Dr. Andrew Newberg

Dr. Drew Podcast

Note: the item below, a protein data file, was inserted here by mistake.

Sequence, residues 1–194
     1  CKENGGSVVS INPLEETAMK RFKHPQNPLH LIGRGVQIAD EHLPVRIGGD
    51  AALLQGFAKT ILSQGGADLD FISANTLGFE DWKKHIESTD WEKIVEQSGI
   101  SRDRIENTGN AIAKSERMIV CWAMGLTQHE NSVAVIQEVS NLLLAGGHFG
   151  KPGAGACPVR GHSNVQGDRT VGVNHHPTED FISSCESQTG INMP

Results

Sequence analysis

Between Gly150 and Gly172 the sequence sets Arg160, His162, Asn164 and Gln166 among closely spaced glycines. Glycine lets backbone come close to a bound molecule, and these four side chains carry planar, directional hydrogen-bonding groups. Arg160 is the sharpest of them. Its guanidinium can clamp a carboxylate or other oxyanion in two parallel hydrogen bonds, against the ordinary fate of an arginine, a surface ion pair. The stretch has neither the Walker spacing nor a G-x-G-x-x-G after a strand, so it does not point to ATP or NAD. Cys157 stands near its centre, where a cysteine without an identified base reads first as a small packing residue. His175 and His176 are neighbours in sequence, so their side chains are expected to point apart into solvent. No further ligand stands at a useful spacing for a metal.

Everybody podcast. You know we appreciate your support of those people who support us and we keep this thing going. Keep Mr Perla happy and don't forget all the goings on DOT COM dot com. We've got a stream their broadcast very regularly a call in show on Sunday, and then the after dark. Out of course most days, our guest is Andrew Newberg. Latest book is the rabbis, brain mystics, moderns, and the science of Jewish thinking. It's available now. Neuro, theology is what we're talking about you can follow Dr Newburg at at Andrew Newberg and HE WBRC DOT com. Twitter at Andrew, Newberg and Dutch newer. You came highly recommended by Dr Dan Een. WHO said you must speak with him, so we all well. He's a terrific guy and I. would have told you the same thing in reverse. Yards a three way again, so so talk first. Let's start with the book. What what what did you learn writing? This could prompted you write the book and what is in there? Well you know I've been studying the relationship between spirituality in the brain for many many years and and that has kind of developed into this field of neuro. Theology you know what? How we look at and understand the relationship link between the human rain in our religious and spiritual cells. Part of why I got into the discussion. Autism was that I'm sorry it's all good. We Love Dogs against. During the quarantine everyone does it guy I know I know? so part and part of the reason why I got into hopping rabbis, brain is the idea that. We can really start to think about neuro theology from the perspective of different traditions, and of course my own background is Judaism. I was raised in a reform Jewish household up armistead, and so it just seemed like a very natural kind of approach to be able to start with that but ultimately neuro theology is something that is really for every type of tradition, and so hopefully this is really just the start of it's the ability for us to look at a Christianity, and it's denominations. Islam. Hinduism Buddhism all the traditions from this perspective to see what we can learn what we can understand in terms of how the brain health us to be relig- religious and spiritual. And, so you know this this whole idea of neurobiology anthropology spirituality stuff. That's how I found Jordan. Peterson I'm interested in people that combined anthropologists psychology. Then ask the question. Why do our brains do that right? And then is there some transcendent meaning? That's a whole other question, but wire. Why did the human trains do that and? It gives me A. Absolute intense fascination. So how'd you? What's your posture as somebody that evaluates these things from the neuroscience recovering from multiple different perspectives. Where where are you evaluating this? Well, certainly you know I. Do feel like Neuro Theology as a as a field based on the work that I'm trying to do is is something that is very multidimensional, and and really does kind of come at things from a variety of different perspectives I suppose. Because my background is neuro imaging I'm there certainly that? But as you mentioned just a moment ago? You know part of what excites me. in in terms of all of the information that we can get at from this perspective is that it ranges from the very practical to the very esoteric so on a very practical level. We can ask questions about well, if somebody. Is Religious Is that protective to protect them from depression. Does IT PROTECT THEM FROM SUBSTANCE ABUSE? Obviously a big area that I know you've been involved in for many years. And, there's a lot of evidence to support added. Certainly you know programs like alcoholics, anonymous which really invokes a spiritual concept. has also been very effective for helping people with alcoholism, so they're very tactical piece, yeah! Stay. With us for a second. Is there something about spirituality that changes the brain in such a way that you can look at the imaging and say oh? That's why they're regulating better. That's why the oncologist so. What changed in their brain. That might help them. There substances well there. There are a variety of changes that occur. does depend a little bit on what practices in what the person is doing so for example you know when we study a practice like prayer, we find that perhaps that happens to increase the activity in their frontal lobe. We've actually done some studies that have looked at certain transmitters in a found a spiritual retreat program in intensive retreat. Officers the amount of dopamine in their brain, and these are the lives up to regulate our emotional responses. So when you're talking about you know having an addiction being anxious having. If your frontal lobes are working better because you are engaged in spiritual practice or bears religious spiritual beliefs. Then that's going to help you psychologically and similarly. If, you're really immersed in this then it changes your tone in levels, the dopamine levels in the brain much like the drugs that people would take an antidepressant or a drug that might help them to calm down, and so we really see this kind of an impact of these practices on a lot of different levels, and it also changes the other important set of structures of the LIMBIC system. The emotional centers of the brain and these practices helped to calm those down so that people aren't quite as reactive and you know when when you think about what religions do I mean? mean part of the thing is. There are a lot of ingredients right I mean they're. They're the practices. We were just talking about, but there's the believes the comfort that they get. There's the social support they get so there's a lot of different elements that are very contributory to helping people when they're engaged. They're religious or spiritual south I'M GONNA. Keep drilling on the alcohol for a second, because they will often talk about these moments of change where they feel like something has stepped in from the outside and they're. They're different. Sectors of Swish changed, and I will tell you. Look very carefully. At these folks they usually are preceded by some sort of experience of novelty in a relationship like the as though they are seeing them, so they can see themselves with a new pair of glasses and that moment causes. What they want to call